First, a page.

I was doing a text study at a Jewish music conference and found myself staring at a quote from Ecclesiastes thinking, ”This is terrible.” A colleague of mine had recently died, quite suddenly and leaving behind a husband and a very young daughter. I didn’t know her very well though we overlapped in school by a few years. Still, the whole situation hit me hard and I struggled with the vast unfairness of it all.
The bible quote, a familiar one to many, goes like this: “To every thing there is a season, and a time to every purpose.” I couldn’t help but think back to Leah, her heart-broken husband and daughter, and wonder what they would make of the Bible’s suggestion that there was a purpose to her death. What do we do when the texts we turn to for comfort and wisdom provide only sweeping generalities and a chilling lack of compassion?
We want to believe that we are nearly immortal. We make plans days and weeks and years ahead despite never knowing if we’ll be alive to see them fulfilled. We have almost no control over our destinies; and that’s enough to terrify anyone.
It also makes me angry. This utterly unsympathetic text, the tragic passing of a colleague, the thought that my own children might be left fatherless or motherless someday. In my anger and sadness, I wrote a few verses of what became the song These Things Will Happen.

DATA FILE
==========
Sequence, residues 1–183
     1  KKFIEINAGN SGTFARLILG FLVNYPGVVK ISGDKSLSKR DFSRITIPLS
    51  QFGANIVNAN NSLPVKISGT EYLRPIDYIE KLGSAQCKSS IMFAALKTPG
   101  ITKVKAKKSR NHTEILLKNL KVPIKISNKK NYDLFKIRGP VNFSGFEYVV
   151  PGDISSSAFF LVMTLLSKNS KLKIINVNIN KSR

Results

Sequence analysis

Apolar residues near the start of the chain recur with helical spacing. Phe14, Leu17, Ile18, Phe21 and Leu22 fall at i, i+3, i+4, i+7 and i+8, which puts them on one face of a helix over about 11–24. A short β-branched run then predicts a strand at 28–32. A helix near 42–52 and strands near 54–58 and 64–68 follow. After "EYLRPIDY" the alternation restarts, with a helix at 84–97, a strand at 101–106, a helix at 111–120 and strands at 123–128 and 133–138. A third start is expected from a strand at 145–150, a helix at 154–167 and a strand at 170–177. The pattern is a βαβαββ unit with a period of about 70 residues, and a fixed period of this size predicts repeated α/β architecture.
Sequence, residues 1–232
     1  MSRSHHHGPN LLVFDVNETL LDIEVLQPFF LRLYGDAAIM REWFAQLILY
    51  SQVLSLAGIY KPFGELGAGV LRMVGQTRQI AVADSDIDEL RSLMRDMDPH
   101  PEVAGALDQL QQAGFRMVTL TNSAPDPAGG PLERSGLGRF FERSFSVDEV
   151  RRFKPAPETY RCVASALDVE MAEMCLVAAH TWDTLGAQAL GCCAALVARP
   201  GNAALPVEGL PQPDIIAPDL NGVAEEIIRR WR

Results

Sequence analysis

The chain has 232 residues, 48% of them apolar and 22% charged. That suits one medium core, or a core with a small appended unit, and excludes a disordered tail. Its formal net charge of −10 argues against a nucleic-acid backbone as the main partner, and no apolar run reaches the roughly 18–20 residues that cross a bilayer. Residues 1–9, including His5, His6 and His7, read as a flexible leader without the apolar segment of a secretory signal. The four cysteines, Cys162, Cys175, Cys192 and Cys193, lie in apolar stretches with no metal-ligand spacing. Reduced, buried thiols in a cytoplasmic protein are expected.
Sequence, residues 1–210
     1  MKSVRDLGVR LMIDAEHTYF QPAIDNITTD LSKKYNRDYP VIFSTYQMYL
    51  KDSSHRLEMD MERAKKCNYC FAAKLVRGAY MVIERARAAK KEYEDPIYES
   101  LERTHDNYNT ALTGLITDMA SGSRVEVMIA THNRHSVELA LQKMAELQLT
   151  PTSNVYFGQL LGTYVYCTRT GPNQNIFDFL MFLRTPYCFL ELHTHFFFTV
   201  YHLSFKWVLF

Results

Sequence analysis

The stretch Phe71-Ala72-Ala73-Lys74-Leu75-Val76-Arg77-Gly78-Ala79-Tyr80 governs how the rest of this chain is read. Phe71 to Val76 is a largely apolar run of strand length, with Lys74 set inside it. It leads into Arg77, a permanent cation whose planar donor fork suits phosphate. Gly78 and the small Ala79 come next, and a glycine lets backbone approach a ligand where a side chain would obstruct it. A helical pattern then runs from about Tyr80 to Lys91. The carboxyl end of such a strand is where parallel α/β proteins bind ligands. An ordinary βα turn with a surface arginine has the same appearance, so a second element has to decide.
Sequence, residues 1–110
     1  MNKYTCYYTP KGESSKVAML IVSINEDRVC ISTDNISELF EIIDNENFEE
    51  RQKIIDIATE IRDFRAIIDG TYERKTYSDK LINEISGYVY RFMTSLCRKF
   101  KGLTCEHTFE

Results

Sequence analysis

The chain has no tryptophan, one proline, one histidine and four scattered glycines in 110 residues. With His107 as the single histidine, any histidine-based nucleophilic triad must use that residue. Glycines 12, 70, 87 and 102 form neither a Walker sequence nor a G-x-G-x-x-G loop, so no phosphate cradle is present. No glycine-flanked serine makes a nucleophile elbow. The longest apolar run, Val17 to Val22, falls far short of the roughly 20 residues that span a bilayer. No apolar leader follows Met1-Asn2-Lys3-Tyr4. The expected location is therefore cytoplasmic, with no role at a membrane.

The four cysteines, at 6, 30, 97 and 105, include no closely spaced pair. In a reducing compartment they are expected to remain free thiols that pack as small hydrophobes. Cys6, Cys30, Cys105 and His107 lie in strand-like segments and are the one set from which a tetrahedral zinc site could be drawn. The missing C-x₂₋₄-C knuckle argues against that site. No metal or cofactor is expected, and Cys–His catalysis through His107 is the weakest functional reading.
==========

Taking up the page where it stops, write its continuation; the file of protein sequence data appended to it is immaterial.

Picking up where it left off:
But it’s not enough just to dwell on the unfairness of life. The text continues not so many verses later with a ray of hope: “Therefore, do good with [your] life.” V’laasot tov b’chayav. “Life sucks,” Ecclesiastes tells us. It’s filled with spite, death, and chaos, but we can make the choice to do good with what life we’re given. Knowing that every human faces the same possibility of tragedy, we can choose to help others, to give back, to take care of the poor and the stranger, and push on through our own challenges with the hope that others will follow our lead and support us in our time.
There is a time for death and a time for hope. One we get to choose and the other we don’t. So let’s choose.
This is one of a series of posts exploring the intersection of rock and spirituality, leading up to the release of In Pursuit, an album of original Jewish hard rock. Sign up for the mailing list to learn more.